• 1840s>{Hydropathy}Hydropathy was based on the presumed therapeutic properties of water. In its many variations, it encompassed prolonged bathing in spas, intensive drinking of water, and the promotion of sweating.[8] The standard allopathic medical practice of the time was to deny water to the acutely sick patient. Interest in the water-cure started from the observation that fever patients tended to recover when they were given water to drink.
  • 1844>{Homeopathy}American Institute of Homeopathy became first national medical society.
  • 1844>{Hydropathy} Dr. Joel Shew introduces an European system of hydrotherapy, the water-cure, to the United States. Hydropathists professed to be able to do with water everything that they had formerly sought to do with allopathic drugs. "The hydropathic system had three treatments: the general application of water by bath, the application to a particular part of the body, and internal cleansing by drinking or injecting."[24] Shew later adopts the Hygieo-Therapy dietary and exercise plan, as well as its emphasis on fresh air and sunlight.
  • 1847>{Allopathy}The American Medical Association was founded in order to suppress competition from other methods of treatments. The organization described the practices of opposing sects as quackery, and its first action was to ban referrals to lay healers and nonorthodox physicians, such as homeopaths.[10]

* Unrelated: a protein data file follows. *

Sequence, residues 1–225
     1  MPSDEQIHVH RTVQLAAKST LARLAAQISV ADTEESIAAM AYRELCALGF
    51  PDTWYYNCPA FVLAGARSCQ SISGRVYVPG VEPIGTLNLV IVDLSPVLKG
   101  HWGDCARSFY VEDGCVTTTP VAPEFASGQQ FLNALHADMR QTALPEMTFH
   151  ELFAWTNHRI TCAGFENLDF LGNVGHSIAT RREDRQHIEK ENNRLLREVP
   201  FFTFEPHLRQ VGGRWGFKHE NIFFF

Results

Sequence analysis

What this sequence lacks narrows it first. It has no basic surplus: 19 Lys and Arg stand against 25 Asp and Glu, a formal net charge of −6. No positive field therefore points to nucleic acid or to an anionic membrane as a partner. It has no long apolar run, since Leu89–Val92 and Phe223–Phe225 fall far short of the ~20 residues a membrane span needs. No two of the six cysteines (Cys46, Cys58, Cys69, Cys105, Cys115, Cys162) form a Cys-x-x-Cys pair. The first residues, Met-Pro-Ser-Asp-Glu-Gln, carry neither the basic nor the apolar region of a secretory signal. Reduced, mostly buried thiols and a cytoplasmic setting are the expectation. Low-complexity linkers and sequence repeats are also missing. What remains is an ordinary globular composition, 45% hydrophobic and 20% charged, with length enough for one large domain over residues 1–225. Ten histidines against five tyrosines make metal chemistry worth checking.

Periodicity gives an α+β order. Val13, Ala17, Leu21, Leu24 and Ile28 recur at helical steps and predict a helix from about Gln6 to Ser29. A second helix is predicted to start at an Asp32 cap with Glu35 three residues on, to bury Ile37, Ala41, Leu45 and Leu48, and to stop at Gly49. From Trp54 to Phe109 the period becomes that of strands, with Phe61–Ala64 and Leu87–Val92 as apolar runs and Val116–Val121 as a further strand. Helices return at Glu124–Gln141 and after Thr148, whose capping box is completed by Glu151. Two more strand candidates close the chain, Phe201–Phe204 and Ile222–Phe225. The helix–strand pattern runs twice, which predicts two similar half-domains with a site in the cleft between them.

• 1848>{Herbalism}A Guide to Health by Benjamin Colby delineated the basic practices and philosophy of Thomsonian Medicine.
  • By the 1850s, ordinary citizens of every social class went out to find alternatives to the regulars or allopaths. Middle and upper class patients in considerable numbers liked the careful personal attention and cautious dosing of homeopathy as well as the hygienic discipline of hydropathy.
  • 1850s>Domestic refrigeration was introduced in the form of ice boxes from the mid 19th century to the 1930's. As the ice used to cool food was melted it was replaced with ice bought from commercial manufacturers in urban areas.[29]
  • 1850>{Hydropathy}"Hydropathy was so popular that it had its own magazine, The Water-Cure Journal, published by O. S. Fowler's company and boasting a circulation of 50,000 in 1850."[24]
  • 1853>{Natural Hygiene}William Alcott, MD (1798 - 1859) designates the hygienic system as distinct from the hydropathic part of the movement. The problem with the water-cure was that it did not require a radical change in lifestyle. Hydropathy merely substituted water for drugs.
  • 1853>{Natural Hygiene} Russell Thacher Trall, MD (1812-1877) founded an establishment in New York City for Hygieo-therapy, or the water-cure treatment called the Hygeo-Therapeutic College. He edited the New York Organ, a weekly temperance journal, and the Hydropathic Review, a quarterly magazine, from 1845 to 1848, and was an author of many health related books such as the Hydropathic Encycolopedia in 1852. Trall is the person who was most responsible for separating hydropathy from the hygienic system.
  • 1857>The first refrigerated railway car was introduced by the Chicago meat packing industry.[29]